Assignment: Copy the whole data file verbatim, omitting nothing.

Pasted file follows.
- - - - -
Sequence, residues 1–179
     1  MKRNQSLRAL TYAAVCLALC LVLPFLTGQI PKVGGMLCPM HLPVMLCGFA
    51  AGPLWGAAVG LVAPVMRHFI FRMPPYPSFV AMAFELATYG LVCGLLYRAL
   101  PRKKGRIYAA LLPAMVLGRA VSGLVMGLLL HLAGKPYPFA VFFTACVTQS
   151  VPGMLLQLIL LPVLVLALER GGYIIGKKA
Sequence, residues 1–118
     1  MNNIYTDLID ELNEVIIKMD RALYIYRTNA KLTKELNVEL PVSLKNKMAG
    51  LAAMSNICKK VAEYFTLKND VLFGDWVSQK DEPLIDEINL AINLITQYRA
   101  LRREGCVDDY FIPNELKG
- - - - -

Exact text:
Sequence, residues 1–179
     1  MKRNQSLRAL TYAAVCLALC LVLPFLTGQI PKVGGMLCPM HLPVMLCGFA
    51  AGPLWGAAVG LVAPVMRHFI FRMPPYPSFV AMAFELATYG LVCGLLYRAL
   101  PRKKGRIYAA LLPAMVLGRA VSGLVMGLLL HLAGKPYPFA VFFTACVTQS
   151  VPGMLLQLIL LPVLVLALER GGYIIGKKA
Sequence, residues 1–118
     1  MNNIYTDLID ELNEVIIKMD RALYIYRTNA KLTKELNVEL PVSLKNKMAG
    51  LAAMSNICKK VAEYFTLKND VLFGDWVSQK DEPLIDEINL AINLITQYRA
   101  LRREGCVDDY FIPNELKG